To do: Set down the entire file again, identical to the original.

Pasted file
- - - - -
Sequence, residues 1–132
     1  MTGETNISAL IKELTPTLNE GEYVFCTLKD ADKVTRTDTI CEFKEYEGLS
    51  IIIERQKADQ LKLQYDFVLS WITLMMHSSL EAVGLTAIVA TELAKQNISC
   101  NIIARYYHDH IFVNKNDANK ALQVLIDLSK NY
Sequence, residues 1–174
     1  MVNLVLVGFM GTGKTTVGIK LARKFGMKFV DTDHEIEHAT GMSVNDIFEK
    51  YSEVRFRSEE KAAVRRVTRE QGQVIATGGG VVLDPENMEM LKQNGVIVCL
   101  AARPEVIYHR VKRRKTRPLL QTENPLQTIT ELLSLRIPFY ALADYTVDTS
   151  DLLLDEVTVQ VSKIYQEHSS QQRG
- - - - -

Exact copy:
Sequence, residues 1–132
     1  MTGETNISAL IKELTPTLNE GEYVFCTLKD ADKVTRTDTI CEFKEYEGLS
    51  IIIERQKADQ LKLQYDFVLS WITLMMHSSL EAVGLTAIVA TELAKQNISC
   101  NIIARYYHDH IFVNKNDANK ALQVLIDLSK NY
Sequence, residues 1–174
     1  MVNLVLVGFM GTGKTTVGIK LARKFGMKFV DTDHEIEHAT GMSVNDIFEK
    51  YSEVRFRSEE KAAVRRVTRE QGQVIATGGG VVLDPENMEM LKQNGVIVCL
   101  AARPEVIYHR VKRRKTRPLL QTENPLQTIT ELLSLRIPFY ALADYTVDTS
   151  DLLLDEVTVQ VSKIYQEHSS QQRG